Italeri 1/72 Tu-22 Blinder Kit First Look
|Date of Review||July 2006||Manufacturer||Italeri|
|Kit Number||1245||Primary Media||Styrene|
|Pros||The best Tu-22 in any scale||Cons||The only styrene Tu-22 kit larger than 1/100 scale|
|Skill Level||Basic||MSRP (USD)||$55.95|
From the early 1950s, the Tupolev Experimental Design Bureau (OKB) had been developing several concept designs for a supersonic strike bomber. The design that was pushed forward was the Tu-22, a concept based on making the subsonic Tu-16 into a supersonic capable aircraft. Through most of the 1950s, the Tupolev OKB refined the design into the initial Tu-22A, twenty of which were produced in 1960.
The aircraft experienced a variety of problems from elevator flutter to engine surges that required rather extensive modifications to the airframe to resolve. Nevertheless, production of the Tu-22 continued through 1969 with 311 examples built. Nevertheless, the first Tu-22s entered squadron service in 1962 with the Soviet Air Force's Long Range Aviation.
The later variants to enter squadron service were the Tu-22R reconnaissance variant, Tu-22K cruise missile launch platform (carrying the Kh-22 'Kitchen' missile), Tu-22P electronic warfare aircraft, and Tu-22U trainer. Add a D suffix to the designator (e.g. Tu-22RD) and the aircraft has been updated for air refueling. Add an M suffix to that (e.g. Tu-22RDM) and you've got the same aircraft after a mid-life upgrade. There were a few other variants, but these were the principal service aircraft.
NATO-codenamed 'Blinder', the Tu-22 entered service with air forces of other nations in the 1970s including Iraq and Libya.
Italeri re-released the venerable ESCI Tu-22 Blinder kit in 1/72 scale. This kit had been released a few times by ESCI before they ceased operations, then issued by AMT and Revell/Germany sometime later. The kit was more recently released by Italeri, but supplies of this kit are starting to dwindle. I decided to take a look.
Molded in light gray styrene, the kit is presented on four parts trees, plus an additional tree of clear parts. Despite the age of the molds, the kit is in excellent condition with no visible flash on the sprues. Straight out of the box, the kit represents the Tu-22 or Tu-22A bomber variants. With a little work and some good references, it wouldn't be hard to render one of the other Blinder variants. If you elect to alter the kit, you'll also want to remove the raised panel lines molded into the kit surface and scribe the details into the styrene surfaces. There are sufficient plans and details online (try airwar.ru) to get the panel and rivet lines needed to "busy up" the surfaces.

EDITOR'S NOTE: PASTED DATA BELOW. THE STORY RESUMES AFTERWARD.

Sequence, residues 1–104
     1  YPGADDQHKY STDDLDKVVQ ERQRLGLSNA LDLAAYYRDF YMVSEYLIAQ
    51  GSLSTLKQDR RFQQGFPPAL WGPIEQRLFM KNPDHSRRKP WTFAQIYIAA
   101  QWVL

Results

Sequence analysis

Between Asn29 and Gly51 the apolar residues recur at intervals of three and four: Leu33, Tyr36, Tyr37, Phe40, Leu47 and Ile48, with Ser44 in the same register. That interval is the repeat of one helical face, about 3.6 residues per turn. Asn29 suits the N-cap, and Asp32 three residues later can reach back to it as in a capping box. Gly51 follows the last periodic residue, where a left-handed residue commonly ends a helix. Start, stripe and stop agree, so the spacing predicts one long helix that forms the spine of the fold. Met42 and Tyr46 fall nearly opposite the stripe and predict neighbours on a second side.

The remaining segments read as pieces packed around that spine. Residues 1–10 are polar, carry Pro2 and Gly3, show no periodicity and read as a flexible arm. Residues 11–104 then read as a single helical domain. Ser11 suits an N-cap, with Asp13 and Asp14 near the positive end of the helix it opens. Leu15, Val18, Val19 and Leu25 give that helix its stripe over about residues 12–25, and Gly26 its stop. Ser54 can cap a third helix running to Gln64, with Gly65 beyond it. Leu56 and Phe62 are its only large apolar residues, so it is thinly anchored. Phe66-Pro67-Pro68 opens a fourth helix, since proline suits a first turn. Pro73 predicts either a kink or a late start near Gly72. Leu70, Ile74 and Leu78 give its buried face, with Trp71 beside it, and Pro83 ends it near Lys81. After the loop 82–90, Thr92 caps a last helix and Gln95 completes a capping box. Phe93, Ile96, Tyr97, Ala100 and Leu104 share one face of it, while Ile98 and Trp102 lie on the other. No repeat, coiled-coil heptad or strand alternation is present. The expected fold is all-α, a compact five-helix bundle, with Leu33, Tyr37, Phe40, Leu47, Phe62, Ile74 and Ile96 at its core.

The cockpit is typically simple, but since you won't see much through those cockpit windows, there isn't much point in superdetailing the 'office'.
Assembly is straightforward and with a little care and dry-fitting/trimming of the parts before glueing, there should be minimal need for any filler.
Given the size of the aircraft, I'd suggest adding some main spars from brass rod or other material of choice to the wing-fuselage joints and through the horizontal stabs. If you pose the bomb bay open, you'll need to route the main spars ahead of the bomb bay, through the fuselage, and into the wings. This should reinforce the airframe and make it more tolerant to handling. There are no obstructions to running a spar through the rear fuselage and into each of the horizontal stabs.
The kit provides you with the option of displaying the bomb bay open and serious load of bombs on the internal racks.
Markings are included to replicate any one of four aircraft:
- Tu-22, Red 41, Soviet Air Force
- Tu-22, Red 80, Soviet Air Force
- Tu-22, Libyan Air Force
- Tu-22, Iraqi Air Force
With the release of the Tu-16, Tu-95/Tu-142, and Tu-160 in 1/72 from Trumpeter, your Long Range Aviation flightline will look strange without the Tu-22 and Tu-22M kits from Italeri (or the previous ESCI or Revell/Germany boxings).
- OKB Tupolev, Yefim Gordon and Vladimir Rigmant, Midland Publishing, 2005, ISBN 1-85780-214-4
- Soviet/Russian Aircraft Weapons, Yefim Gordon, Midland Publishing, 2004, ISBN 1-85780-188-1